Saturday 21 September 2019

Is Le Pen mightier than the EU? Why Brussels faces a grim 2017

Marine Le Pen is running second in the French polls and has tapped into anger over immigration and the lacklustre income growth that is fuelling populist movements around the world. Photo: Reuters
Marine Le Pen is running second in the French polls and has tapped into anger over immigration and the lacklustre income growth that is fuelling populist movements around the world. Photo: Reuters

Marc Champion

German Chancellor Angela Merkel may be the anchor that has held the European project firm through a decade of crises, yet it isn't her fight for re-election next year that is keeping investors awake at night. That honour goes to France.

Voters will choose new leaders in the Netherlands, then France and Germany over the next 12 months - with Italy and Greece conceivably also triggering snap elections.

Amid this unprecedented concentration of major ballots across Europe, it is the low-probability, high-impact prospect of Marine Le Pen entering the Élysée Palace that's of most concern to the fund managers contacted for this article.

As 2016 closes with the shock of a terror attack in Berlin and officials preparing to negotiate Britain's exit from the European Union, the French nationalist has the potential to make the next year even more tumultuous for Europe than the last. Mrs Le Pen is running second in the polls and has tapped into anger over immigration and the lacklustre income growth that is fuelling populist movements around the world.

What matters for investors, though, is that she is promising a referendum on leaving the EU. If Mrs Le Pen's National Front can pull off an upset like Donald Trump's victory in the United States, she will have a path to breaking up the EU and its common currency that even Mrs Merkel may struggle to block.

A Le Pen win "would be much more devastating for markets than Mrs Merkel losing in Germany," said Alan Miller, founding partner of SCM Direct, a London-based private client manager.

That's because a French EU referendum would be like a rerun of Brexit, except that France leaving the union could also mean the break-up of the euro, he said. The consequences of that could surpass even those of the 2008 Lehman Brothers collapse.

While all of those consulted saw a victory for Mrs Le Pen as unlikely, none are lowering their guard because the tail risk is so significant. After Mr Trump's win in November and the UK vote to leave the EU, investors have learned that sometimes the candidate or cause that "can't win" can.

"Our investors are in the same camp," said Megan Greene, managing director and chief economist at Manulife Asset Management. "They are all focused on the French elections."

After leading polling for the first-round presidential vote for most of the past year, Mrs Le Pen has slipped behind François Fillon since he claimed the nomination of the centre-right Republicans in November. Mrs Le Pen would lose to Mr Fillon by 66pc to 34pc in the run-off, according to a Kantar Sofres poll last month.

Bookmakers give the National Front leader about a 25pc chance of turning that around over the next four months. At this point in the US campaign, polling analysts at gave Trump a 23pc chance of winning. Markets have so far responded positively to the president- elect's plans for tax cuts and deregulation of Wall Street, despite his anti-trade tirades during the campaign. The Dow Jones Industrial Average is up 7pc since the election.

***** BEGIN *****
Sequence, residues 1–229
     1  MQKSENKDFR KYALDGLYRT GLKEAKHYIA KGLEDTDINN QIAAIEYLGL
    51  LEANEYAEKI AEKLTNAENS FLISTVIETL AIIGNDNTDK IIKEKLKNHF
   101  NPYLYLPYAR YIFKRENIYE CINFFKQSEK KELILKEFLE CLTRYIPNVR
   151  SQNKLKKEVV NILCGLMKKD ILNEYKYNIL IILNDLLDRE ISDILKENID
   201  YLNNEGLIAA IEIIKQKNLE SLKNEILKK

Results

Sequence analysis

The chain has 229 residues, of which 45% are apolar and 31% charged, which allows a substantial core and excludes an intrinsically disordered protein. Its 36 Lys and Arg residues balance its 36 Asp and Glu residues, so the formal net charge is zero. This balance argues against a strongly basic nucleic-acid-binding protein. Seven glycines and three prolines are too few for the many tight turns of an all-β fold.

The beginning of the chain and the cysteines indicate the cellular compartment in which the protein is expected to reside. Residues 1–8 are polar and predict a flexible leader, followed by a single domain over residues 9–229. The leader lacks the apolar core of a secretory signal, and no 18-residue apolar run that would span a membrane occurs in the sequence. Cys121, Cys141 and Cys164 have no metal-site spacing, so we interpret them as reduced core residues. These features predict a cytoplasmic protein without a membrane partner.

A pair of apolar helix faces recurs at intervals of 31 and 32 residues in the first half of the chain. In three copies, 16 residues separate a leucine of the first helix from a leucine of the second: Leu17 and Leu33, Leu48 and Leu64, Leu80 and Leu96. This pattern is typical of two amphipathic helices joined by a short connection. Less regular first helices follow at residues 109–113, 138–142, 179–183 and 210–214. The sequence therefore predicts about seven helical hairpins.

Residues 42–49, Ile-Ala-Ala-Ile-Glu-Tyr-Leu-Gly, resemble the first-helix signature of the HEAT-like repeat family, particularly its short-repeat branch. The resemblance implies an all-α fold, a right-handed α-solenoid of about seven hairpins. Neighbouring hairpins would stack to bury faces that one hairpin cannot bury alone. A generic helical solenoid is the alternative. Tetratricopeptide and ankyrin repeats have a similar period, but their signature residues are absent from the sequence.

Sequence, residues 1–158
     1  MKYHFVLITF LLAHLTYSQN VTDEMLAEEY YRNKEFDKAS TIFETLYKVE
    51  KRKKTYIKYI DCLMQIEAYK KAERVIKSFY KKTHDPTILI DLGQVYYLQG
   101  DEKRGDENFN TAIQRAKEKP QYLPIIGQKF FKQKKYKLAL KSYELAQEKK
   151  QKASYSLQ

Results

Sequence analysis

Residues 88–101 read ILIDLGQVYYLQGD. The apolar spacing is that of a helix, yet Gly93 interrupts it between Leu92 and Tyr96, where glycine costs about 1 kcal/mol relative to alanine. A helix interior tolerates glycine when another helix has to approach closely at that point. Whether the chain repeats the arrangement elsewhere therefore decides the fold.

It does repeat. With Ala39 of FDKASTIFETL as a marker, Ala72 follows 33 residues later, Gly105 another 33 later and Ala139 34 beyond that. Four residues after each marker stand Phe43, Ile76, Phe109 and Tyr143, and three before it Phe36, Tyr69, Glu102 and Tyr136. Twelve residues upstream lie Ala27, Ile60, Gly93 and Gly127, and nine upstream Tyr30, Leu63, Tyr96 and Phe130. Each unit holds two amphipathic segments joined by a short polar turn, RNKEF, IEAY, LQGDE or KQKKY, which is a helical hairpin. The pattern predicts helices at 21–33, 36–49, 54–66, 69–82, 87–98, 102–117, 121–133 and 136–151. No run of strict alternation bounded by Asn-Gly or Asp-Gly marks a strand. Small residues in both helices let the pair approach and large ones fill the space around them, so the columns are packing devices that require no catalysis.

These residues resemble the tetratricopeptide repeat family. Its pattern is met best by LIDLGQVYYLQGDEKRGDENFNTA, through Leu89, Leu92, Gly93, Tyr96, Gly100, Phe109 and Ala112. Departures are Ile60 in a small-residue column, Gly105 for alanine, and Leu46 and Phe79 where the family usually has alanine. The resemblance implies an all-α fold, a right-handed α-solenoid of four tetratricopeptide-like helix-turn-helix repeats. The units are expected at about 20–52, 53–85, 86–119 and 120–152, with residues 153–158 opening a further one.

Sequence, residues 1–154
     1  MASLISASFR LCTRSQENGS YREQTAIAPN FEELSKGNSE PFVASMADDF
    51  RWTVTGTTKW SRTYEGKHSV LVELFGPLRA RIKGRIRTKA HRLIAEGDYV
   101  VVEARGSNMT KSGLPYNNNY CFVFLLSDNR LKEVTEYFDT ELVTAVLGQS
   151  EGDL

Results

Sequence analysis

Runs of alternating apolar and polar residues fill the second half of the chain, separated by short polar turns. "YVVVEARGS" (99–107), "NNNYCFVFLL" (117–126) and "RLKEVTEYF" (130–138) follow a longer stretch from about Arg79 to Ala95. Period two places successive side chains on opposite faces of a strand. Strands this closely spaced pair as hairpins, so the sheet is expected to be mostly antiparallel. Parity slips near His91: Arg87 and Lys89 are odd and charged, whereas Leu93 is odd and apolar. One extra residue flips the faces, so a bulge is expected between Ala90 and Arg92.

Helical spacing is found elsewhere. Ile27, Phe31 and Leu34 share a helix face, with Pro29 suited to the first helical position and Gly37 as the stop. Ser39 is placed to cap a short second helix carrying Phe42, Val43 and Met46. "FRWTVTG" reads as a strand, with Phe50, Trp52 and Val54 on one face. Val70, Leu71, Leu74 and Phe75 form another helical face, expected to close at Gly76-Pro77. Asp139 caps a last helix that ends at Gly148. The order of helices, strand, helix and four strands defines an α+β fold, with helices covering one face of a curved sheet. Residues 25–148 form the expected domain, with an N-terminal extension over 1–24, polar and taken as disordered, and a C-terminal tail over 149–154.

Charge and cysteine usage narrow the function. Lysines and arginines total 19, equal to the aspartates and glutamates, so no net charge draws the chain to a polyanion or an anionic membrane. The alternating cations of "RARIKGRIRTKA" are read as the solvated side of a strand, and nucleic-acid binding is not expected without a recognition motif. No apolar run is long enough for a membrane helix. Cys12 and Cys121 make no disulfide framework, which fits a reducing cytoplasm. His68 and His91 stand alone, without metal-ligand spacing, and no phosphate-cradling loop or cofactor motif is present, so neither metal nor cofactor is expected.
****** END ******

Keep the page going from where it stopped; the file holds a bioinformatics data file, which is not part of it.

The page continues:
That relatively sanguine attitude may change for the French election, which - because of the risk to the euro - could prove to be an economy destroying event.

A recent survey by Bank of America Merrill Lynch found that fund managers around the world see the EU's disintegration or a default of its banks as the biggest tail risk they face, dwarfing concerns over Brexit. Although the loss of Mrs Merkel would also be damaging, she probably would be replaced by another fundamentally pro-European chancellor if she loses elections next autumn.

Although current polls suggest the anti-immigrant and anti-EU Party of Freedom could claim the most seats in the Netherlands in March, mainstream parties are likely to club together to keep its leader, Geert Wilders, out of office.

The EU is already facing the biggest threats in its almost 60-year history, with the UK leaving, populists running Hungary and Poland, and Italy's fourth unelected prime minister in a row trying to keep the anti-euro Five Star Movement at bay.

Investors fear a victory for Mrs Le Pen victory could push it over the edge.

"I want to hold a referendum on France's membership of the EU," Mrs Le Pen said in an interview earlier this month with French TV channel TF1. "Believe me, I will organise it and above all I will respect the will of the people."

Mrs Le Pen would need to amend the constitution to take France out of the EU, a tall order that requires a big majority across both houses of parliament - although, as the UK has shown, lawmakers can be reluctant to block the popular will once it has been expressed, even in a non-binding vote. In 2005, both the French and the Dutch voted against a planned EU constitution by clear margins.

A victory for Mrs Le Pen in May would cause an earthquake in European politics even if she decided against calling an EU referendum, because her 'France first' approach would destroy the Franco-German cooperation that has sustained the bloc since its inception, said Mark Leonard, director of the European Council on Foreign Relations.

"Having someone like her at the table would be almost impossible for the EU," he added. "It would create a complete existential crisis for the European Union."


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